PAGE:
"Our regional partners are increasingly competing and, in the case of the Rift in Qatar, they are competing directly against US interests and benefiting Iran, Russia and the United States. China, "wrote National Security Advisor John Bolton to Secretary of State Mike Pompeo and Defense Secretary Jim Mattis in a late summer letter before Khashoggi's death.

"To put an end to these negative trends, we need to change the strategic calculation of our partners," wrote Bolton in an undated letter, in response to a June 2 memorandum on Mesa from Pompeo and Mattis.

Under the guise of anonymity, three US officials said that there had been a debate within the administration on whether Washington could persuade the Arab allies to leave out their differences, Bolton becoming the main promoter of the plan.

A fourth US official said general MESA objectives were widely shared within the administration, but discussions were underway on the best approach to reaching agreement.

A spokeswoman for the Department of Defense addressed questions to the State Department but pointed to Mattis' earlier comments in support of the alliance.

A State Department official said that the administration continued to "engage with our partners to work for the alliance."


The Administration's plan is to strengthen Trump's "America First" strategy to reduce foreign military commitments and ensure that allies bear the brunt of their own security, while defending the interests of the United States in the Middle East, according to one of the White House documents.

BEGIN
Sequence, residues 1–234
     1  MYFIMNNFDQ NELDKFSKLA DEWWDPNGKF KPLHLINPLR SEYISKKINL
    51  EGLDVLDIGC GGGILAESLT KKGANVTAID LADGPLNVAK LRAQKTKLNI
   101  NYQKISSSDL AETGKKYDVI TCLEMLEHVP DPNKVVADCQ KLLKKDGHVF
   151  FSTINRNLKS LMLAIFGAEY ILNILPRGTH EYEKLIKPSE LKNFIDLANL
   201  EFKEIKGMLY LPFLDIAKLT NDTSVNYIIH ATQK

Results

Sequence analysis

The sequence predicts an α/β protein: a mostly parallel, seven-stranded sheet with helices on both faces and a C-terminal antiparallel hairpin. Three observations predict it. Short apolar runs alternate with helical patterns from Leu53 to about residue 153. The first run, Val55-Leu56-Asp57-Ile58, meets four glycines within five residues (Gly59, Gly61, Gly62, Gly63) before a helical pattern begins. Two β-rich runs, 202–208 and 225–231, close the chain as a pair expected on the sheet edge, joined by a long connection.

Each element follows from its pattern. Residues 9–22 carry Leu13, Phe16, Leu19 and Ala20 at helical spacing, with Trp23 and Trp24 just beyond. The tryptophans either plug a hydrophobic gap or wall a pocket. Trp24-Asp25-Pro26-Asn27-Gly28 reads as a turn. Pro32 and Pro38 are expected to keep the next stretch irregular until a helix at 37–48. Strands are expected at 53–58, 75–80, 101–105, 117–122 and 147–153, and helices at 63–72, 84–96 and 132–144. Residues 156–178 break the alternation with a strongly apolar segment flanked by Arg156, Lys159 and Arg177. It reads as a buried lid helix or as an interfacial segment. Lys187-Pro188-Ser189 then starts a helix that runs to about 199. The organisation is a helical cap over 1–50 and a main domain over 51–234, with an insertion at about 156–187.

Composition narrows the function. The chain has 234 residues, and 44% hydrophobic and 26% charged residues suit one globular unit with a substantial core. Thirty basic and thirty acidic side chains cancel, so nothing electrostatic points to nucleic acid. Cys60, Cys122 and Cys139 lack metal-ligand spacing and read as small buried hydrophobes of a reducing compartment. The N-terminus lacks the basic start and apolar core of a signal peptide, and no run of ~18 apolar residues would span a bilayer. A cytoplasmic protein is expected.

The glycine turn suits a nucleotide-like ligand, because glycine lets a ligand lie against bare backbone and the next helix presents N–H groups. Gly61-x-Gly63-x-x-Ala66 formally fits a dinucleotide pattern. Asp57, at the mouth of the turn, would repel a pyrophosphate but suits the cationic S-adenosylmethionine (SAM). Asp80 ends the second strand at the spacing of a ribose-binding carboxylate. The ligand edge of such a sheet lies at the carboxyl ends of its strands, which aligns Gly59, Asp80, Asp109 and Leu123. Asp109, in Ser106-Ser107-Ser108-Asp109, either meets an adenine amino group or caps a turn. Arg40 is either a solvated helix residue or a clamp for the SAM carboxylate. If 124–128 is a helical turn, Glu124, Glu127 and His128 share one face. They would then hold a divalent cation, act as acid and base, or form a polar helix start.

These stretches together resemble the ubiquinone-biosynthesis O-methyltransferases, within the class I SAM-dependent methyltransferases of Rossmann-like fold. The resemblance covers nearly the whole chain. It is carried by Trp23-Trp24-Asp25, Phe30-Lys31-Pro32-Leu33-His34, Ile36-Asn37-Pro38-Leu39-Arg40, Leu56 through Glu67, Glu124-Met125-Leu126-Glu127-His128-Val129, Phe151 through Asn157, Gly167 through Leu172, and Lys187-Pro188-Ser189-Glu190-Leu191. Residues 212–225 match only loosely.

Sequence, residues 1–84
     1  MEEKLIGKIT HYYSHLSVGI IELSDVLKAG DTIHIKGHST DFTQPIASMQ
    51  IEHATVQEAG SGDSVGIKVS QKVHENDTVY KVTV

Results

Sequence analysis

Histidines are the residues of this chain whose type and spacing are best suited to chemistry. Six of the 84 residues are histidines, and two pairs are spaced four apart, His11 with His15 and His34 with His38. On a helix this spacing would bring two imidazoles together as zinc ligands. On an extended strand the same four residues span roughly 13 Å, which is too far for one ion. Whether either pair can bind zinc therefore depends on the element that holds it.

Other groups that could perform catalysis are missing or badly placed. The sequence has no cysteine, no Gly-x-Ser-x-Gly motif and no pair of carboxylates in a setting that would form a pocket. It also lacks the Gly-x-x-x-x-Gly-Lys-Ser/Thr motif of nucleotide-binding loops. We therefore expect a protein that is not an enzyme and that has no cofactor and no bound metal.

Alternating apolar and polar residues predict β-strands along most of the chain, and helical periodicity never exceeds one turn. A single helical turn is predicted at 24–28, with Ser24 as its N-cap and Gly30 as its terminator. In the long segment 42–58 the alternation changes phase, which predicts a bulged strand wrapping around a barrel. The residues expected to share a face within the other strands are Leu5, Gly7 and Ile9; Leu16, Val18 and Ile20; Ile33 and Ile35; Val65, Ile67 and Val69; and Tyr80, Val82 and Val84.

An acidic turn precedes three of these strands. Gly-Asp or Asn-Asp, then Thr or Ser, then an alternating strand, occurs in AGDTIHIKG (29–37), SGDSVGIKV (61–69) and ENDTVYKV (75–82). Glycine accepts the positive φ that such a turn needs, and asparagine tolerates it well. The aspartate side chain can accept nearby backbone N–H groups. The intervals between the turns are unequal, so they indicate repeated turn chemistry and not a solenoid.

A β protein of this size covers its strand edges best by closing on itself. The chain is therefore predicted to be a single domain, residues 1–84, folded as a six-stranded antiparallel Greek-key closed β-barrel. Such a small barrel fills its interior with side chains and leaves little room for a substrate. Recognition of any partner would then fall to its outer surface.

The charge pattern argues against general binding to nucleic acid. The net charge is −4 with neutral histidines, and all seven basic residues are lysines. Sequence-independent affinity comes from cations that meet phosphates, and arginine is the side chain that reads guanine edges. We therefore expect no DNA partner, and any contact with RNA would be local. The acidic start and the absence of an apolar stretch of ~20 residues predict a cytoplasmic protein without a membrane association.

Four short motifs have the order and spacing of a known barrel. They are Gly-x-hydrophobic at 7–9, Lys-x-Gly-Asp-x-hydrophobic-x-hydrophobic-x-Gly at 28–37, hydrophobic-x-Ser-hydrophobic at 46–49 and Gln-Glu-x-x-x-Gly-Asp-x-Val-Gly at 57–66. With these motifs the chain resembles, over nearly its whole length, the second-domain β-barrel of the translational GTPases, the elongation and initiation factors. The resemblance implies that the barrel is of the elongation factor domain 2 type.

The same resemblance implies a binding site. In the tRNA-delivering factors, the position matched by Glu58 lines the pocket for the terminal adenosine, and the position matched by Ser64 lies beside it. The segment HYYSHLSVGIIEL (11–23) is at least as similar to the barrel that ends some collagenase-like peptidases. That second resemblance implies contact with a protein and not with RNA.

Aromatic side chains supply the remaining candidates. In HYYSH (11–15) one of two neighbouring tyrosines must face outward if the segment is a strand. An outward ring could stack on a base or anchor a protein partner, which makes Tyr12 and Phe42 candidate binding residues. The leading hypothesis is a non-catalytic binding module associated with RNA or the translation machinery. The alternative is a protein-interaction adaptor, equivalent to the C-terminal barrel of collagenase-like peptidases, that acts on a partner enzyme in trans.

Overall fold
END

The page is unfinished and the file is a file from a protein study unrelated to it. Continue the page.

US interests in the region range from arms sales and Islamist extremists in Yemen, Iraq and Syria to the free flow of oil on world markets to maintain price stability.

A White House document, written before Khashoggi's death, said Trump had warned Saudi Arabian leaders and other members of the six-nation Gulf Cooperation Council (GCC). that from Egypt that "the status quo is unsustainable and that the United States will continue to invest in security in the Middle East" if they did not settle their differences.

He did not give details about Trump's threat or when he made it.

Washington deploys planes, warships and more than 30,000 troops to bases in the GCC countries. Senior US Army officials say that they have no intention of changing this posture.

The strategy paper, titled "Overview of the Strategic Alliance Concept in the Middle East", calls for a series of short- and medium-term measures requiring "very little if any, new US resource commitments in the region ".

The measures include the development of regional "operational centers" to integrate forces in areas such as missile defense, ground warfare and other areas, according to the newspaper and a source close to the plan.

A long-term goal would be a formal treaty alliance and a multilateral free trade pact negotiated over perhaps five to seven years, the document said. He also raised the possibility that the pact could eventually include Iraq, Lebanon and other countries, and formal ties could be forged with Israel and "some European and Asian allies".

Without these "end states," he said, "our regional partners are unlikely to engage fully."

Other reports by Phil Stewart, Stephen Kalin, Katie Paul and Ghaida Ghantous. Edited by Kieran Murray and Paritosh Bansal